In conclusion, Raskin suggested that policymakers should consider reforms that “promote diversity and create new incentives for the smaller, less troubled elements of our financial system, rather than rewarding the largest and most reckless.”


It is important to notify the Commissioner of Financial Regulation, your Regulator, if you change your name and/or address. We update our website so consumers know where you are located. In addition, it isChanges - How to keep your record current not professional for you to relocate or change your name without notifying your Regulators.

Change of Address
Before a mortgage lender licensee may change the place of business for which its license is issued, the mortgage lender must: a) notify the Commissioner of the proposed change, and b) receive the written approval of the Commissioner. The Commissioner has sixty (60) days to act on the licensee’s request. If the licensee is not issued an approval or denial within sixty (60) days, the request is deemed approved.

Moving Without Approval
If you fail to provide the notice required by law, in addition to any sanctions which may be imposed by the Commissioner, you will be required to pay a surcharge in the amount of $500, and file with the Commissioner an application for a new license together with all applicable application and investigation fees.

Name Change
Maryland law is clear: “A person may not conduct any mortgage loan business at any location or under any name different from the address and name that appears on the person’s license.”

  • All mortgage lender licensees desiring a name and/or address change on their license will need to submit: a) notification of their desired name and/or address change to the Commissioner’s Licensing Unit; b) a bond rider reflecting the change; and c) the original license.

Change of Control
Prior to changing control of a mortgage lending business, the licensee must: a) notify the Commissioner of the proposed change in writing; b) make a written request that the Commissioner approve the proposed change; c) provide any information the Commissioner requires under this law; and d) receive written approval from the Commissioner.

The Commissioner shall approve or deny a request for change in control:        

  • within sixty (60) days of receiving the request
  • if the Commissioner requests additional information, then within sixty(60) days of receiving the additional requested information

 If the Commissioner does not approve or deny within sixty (60) days, the change in control shall be deemed approved.

Change of Control Without Approval
If you fail to receive prior approval for a change of control, the same penalties apply as for the change of address without approval.

Change of Employer/Name (Mortgage Originators)
“Unless the licensee notifies the Commissioner in writing in advance of a change in the licensee’s name or the licensee’s employer and pays to the Commissioner a license amendment fee of $75 for each notice provided . . ., an individual may not act as a mortgage originator under a name or for an employer that is different from the name and employer that appear on the license.”

A Maryland mortgage originator licensee who desires to change employers or change the name printed on his/her license must complete an online interim change and pay a $75.00 fee by credit card. Only online credit card payments are acceptable for this process. Other forms of payment will be returned to the licensee and delay the process.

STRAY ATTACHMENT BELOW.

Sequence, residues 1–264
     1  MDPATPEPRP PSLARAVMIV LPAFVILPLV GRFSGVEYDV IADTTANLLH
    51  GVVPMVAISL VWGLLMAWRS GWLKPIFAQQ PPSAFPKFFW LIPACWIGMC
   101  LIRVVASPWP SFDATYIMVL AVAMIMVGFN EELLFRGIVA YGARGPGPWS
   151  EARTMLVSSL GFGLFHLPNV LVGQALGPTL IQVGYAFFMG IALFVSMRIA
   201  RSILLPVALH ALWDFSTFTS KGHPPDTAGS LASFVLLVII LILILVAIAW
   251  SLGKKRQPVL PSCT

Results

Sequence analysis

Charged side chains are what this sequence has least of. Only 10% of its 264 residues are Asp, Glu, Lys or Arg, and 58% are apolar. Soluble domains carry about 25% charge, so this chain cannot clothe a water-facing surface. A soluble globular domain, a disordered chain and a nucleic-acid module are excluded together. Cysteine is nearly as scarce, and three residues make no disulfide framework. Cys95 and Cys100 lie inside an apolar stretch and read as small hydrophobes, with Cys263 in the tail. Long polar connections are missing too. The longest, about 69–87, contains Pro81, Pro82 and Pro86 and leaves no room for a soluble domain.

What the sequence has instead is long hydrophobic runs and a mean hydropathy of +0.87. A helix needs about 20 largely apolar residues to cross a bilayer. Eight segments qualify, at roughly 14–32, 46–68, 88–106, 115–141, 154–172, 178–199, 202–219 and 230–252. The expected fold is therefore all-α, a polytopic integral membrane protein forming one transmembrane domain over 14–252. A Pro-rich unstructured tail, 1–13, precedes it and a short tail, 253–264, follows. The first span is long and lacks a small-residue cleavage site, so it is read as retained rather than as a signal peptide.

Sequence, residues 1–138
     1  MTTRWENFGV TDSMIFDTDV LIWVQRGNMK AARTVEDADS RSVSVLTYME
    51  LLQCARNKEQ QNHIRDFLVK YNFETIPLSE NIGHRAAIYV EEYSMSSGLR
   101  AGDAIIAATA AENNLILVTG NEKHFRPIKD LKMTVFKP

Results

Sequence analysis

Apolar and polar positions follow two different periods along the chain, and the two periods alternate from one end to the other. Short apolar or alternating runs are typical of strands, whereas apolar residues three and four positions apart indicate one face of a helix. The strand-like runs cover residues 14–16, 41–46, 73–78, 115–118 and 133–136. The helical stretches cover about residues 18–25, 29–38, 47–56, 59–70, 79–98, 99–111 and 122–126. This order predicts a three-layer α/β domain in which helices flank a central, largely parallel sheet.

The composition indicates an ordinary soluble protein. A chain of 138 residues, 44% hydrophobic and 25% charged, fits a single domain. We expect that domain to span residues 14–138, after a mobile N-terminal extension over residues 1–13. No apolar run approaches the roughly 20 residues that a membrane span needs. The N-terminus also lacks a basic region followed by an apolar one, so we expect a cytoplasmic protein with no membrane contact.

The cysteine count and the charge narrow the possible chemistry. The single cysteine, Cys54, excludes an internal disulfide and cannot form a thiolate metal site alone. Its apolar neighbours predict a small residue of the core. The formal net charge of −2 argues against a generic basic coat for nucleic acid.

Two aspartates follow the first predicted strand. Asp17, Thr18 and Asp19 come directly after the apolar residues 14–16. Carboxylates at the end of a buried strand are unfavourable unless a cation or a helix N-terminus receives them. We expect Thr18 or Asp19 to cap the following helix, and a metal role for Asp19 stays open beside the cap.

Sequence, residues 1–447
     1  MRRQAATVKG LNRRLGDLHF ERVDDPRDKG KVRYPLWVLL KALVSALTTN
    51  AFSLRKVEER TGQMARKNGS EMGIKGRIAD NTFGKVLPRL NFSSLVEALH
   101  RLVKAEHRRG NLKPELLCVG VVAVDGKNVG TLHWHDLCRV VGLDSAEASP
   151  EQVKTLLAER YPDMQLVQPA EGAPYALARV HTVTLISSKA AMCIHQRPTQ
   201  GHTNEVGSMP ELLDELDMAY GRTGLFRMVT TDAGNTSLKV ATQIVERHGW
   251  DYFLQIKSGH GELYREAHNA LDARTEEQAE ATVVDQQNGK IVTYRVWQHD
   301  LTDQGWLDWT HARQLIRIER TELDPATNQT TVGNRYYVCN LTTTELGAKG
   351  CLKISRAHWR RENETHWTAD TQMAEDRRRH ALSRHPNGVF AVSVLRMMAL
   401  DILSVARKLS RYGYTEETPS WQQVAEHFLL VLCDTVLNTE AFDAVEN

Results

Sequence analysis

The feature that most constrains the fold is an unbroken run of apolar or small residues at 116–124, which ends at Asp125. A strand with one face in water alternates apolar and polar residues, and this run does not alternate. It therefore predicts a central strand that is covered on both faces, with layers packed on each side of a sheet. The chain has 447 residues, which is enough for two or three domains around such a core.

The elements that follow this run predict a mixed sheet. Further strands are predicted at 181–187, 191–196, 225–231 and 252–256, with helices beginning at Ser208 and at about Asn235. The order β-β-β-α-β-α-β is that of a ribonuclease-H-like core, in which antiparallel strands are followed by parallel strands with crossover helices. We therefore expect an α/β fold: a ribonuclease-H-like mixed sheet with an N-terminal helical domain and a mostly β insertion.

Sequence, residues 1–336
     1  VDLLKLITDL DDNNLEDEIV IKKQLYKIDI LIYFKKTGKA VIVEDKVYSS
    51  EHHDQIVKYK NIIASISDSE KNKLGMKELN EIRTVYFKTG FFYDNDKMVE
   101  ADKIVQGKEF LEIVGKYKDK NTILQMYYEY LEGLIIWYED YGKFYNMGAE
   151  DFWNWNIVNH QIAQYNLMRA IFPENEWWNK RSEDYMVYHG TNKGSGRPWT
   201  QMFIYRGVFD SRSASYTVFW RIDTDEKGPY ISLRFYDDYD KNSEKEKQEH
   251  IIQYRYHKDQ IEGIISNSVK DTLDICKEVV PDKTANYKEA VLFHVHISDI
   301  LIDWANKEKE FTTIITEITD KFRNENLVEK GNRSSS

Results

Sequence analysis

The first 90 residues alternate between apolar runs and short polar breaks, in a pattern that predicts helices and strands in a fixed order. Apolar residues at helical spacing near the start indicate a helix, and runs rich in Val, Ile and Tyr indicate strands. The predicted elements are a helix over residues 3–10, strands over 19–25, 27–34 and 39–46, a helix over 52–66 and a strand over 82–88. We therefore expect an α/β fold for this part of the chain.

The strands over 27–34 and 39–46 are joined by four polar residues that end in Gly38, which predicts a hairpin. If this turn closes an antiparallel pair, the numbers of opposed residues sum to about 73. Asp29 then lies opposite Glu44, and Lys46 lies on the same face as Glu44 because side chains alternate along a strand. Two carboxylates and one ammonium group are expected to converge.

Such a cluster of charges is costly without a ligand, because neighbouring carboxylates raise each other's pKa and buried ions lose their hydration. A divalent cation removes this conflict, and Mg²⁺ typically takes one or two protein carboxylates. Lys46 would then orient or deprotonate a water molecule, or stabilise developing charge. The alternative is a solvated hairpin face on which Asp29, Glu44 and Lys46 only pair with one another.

In addition to the online form and payment, the individual must submit to the Commissioner’s Office:

  1. his/her original license;
  2. new original employer statement which is signed by an owner/officer of the new company; (Form, PDF document, 16KB, download Adobe Acrobat for free)
  3. if applicable, a copy of legal court documents or marriage certificate for name change; and
  4. an Affidavit regarding business conducted. (Form, Word document, 29KB, download Word viewer for free)

Originating Mortgages with a New Employer Before Submitting a Change of Employer
If you begin originating mortgages for an employer different from the employer that appears on your license before you apply for an interim change, penalties may be assessed.

Change of Entity
Maryland Mortgage Lender Licenses are nontransferable. If you desire to form a corporation and were originally licensed as an individual, you need to apply for a license for the corporation. You should retain the individual license and operate as an individual until the license for the corporation is approved. Once you receive the corporation’s license, you should surrender the individual license to this Agency. 

Also, if a corporation is not working because, perhaps, you and your partner are not getting along and you choose to form a new corporation, the license is not transferable to the new corporation. The new corporation must apply for its own license.

Unlicensed Locations
A Mortgage Lender Licensee may act as a mortgage lender under the license at the licensed place of business. Only one place of business per license.

Below are the exceptions under which mortgage business can be done at a location other than the one on the license:

  • Attorney’s office of the licensee or borrower
  • Title insurance company, title company, or the office of the attorney of the title company or title insurance company
  • A location to accommodate the borrower or borrower’s designee due to illness of the borrower.

For further information, see the Annotated Code of Maryland, Financial Institutions, § 11-501 et al and § 11-601 et al.

State of Maryland Department of Labor, Licensing and Regulation
Department of Labor, Licensing and Regulation Office of Financial Regulation
500 N. Calvert Street - Baltimore, Maryland 21202 - (410) 230-6155